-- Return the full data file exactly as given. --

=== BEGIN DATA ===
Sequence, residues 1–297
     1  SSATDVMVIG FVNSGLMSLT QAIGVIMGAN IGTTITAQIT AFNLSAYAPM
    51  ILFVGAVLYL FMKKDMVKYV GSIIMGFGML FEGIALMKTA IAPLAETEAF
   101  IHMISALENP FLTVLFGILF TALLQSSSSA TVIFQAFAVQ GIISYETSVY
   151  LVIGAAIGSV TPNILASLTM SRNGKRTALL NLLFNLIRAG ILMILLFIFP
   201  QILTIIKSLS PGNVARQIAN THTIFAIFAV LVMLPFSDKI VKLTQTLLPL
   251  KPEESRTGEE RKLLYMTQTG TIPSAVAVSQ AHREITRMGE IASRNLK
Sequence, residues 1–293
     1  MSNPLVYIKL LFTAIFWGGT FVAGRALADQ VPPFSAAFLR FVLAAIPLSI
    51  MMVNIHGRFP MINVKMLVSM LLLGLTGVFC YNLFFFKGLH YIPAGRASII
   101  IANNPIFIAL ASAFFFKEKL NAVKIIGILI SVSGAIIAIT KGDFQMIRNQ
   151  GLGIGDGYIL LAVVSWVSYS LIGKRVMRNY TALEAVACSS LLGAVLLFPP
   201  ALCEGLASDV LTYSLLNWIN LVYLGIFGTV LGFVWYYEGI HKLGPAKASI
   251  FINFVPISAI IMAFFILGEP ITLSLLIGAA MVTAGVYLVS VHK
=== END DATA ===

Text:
Sequence, residues 1–297
     1  SSATDVMVIG FVNSGLMSLT QAIGVIMGAN IGTTITAQIT AFNLSAYAPM
    51  ILFVGAVLYL FMKKDMVKYV GSIIMGFGML FEGIALMKTA IAPLAETEAF
   101  IHMISALENP FLTVLFGILF TALLQSSSSA TVIFQAFAVQ GIISYETSVY
   151  LVIGAAIGSV TPNILASLTM SRNGKRTALL NLLFNLIRAG ILMILLFIFP
   201  QILTIIKSLS PGNVARQIAN THTIFAIFAV LVMLPFSDKI VKLTQTLLPL
   251  KPEESRTGEE RKLLYMTQTG TIPSAVAVSQ AHREITRMGE IASRNLK
Sequence, residues 1–293
     1  MSNPLVYIKL LFTAIFWGGT FVAGRALADQ VPPFSAAFLR FVLAAIPLSI
    51  MMVNIHGRFP MINVKMLVSM LLLGLTGVFC YNLFFFKGLH YIPAGRASII
   101  IANNPIFIAL ASAFFFKEKL NAVKIIGILI SVSGAIIAIT KGDFQMIRNQ
   151  GLGIGDGYIL LAVVSWVSYS LIGKRVMRNY TALEAVACSS LLGAVLLFPP
   201  ALCEGLASDV LTYSLLNWIN LVYLGIFGTV LGFVWYYEGI HKLGPAKASI
   251  FINFVPISAI IMAFFILGEP ITLSLLIGAA MVTAGVYLVS VHK